On Thursday crude oil wavered between small gains and losses, but finished the day only 23 cents above Wednesday closing price. Such small daily changes that we observe recently don’t look too encouraging for oil bulls or for the bears. However, to dispel boredom, we rummaged deeper in the charts and we found something that may interest both sides of the market’s battle. Curious?
Nevertheless, before we get to our little surprise, we would like to draw your attention to news from the IEA. Yesterday, the International Energy Agency said that global oil supply increased by 700,000 barrels per day from a year ago in the previous month. Additionally, we find out that supplies from producers outside of the OPEC will grow by 1.8 million bpd this year versus an increase of 760,000 bpd last year (mainly due to the rapidly growing production in the U.S.).
Such information (especially in connection with the previous reports from this month about which you could read in our March alerts) doesn’t bode too well for higher prices, increasing worries that rising supply from the U.S. and other nations could spoil efforts made by OPEC and other producers to tighten the market.
Is the fundamental picture of crude oil the only one who suggest that the lower prices are just around the corner? Let's take a closer look at the charts below to find out (charts courtesy of http://stockcharts.com).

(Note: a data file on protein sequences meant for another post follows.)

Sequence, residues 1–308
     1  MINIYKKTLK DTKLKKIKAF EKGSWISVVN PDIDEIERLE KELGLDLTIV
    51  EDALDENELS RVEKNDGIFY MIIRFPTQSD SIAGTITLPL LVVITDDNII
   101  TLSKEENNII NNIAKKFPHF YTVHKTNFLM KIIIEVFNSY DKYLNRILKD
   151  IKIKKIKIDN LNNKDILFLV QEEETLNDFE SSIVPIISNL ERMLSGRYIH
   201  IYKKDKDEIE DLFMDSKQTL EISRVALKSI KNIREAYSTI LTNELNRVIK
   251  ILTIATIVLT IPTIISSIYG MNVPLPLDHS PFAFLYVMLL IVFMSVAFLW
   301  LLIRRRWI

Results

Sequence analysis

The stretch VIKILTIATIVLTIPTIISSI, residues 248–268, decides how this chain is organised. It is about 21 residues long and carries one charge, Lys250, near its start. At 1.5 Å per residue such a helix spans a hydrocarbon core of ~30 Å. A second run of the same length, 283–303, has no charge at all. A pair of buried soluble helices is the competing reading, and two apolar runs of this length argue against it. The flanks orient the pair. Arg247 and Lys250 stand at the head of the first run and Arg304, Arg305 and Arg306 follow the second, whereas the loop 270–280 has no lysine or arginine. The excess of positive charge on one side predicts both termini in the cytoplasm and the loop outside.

Technical Analysis of Crude Oil
Looking at the medium-term picture of the commodity, we see that the situation remains almost unchanged as the previously-broken upper border of the green rising trend channel continues to keep declines in check. Additionally, black gold is still trading in the blue consolidation, which raises the importance of this area for both sides of the market.
Nevertheless, the sell signals generated by all indicators remain in the cards, supporting the sellers as well as the bearish engulfing pattern, which strengthens the blockade of the road to the north.
So, if the medium-term picture may raise some doubts about the direction of the next bigger movement, is it possible that the short-term changes give us credible hints about the future of crude oil? Let's check it.
At the first glance, we could write that the situation doesn’t look much better from this perspective, because crude oil still remains in a very short-term consolidation between the barrier of $60 and the black declining resistance line based on the previous highs (a potential upper border of declining trend channel), which is currently reinforced by the previously-broken 50-day moving average.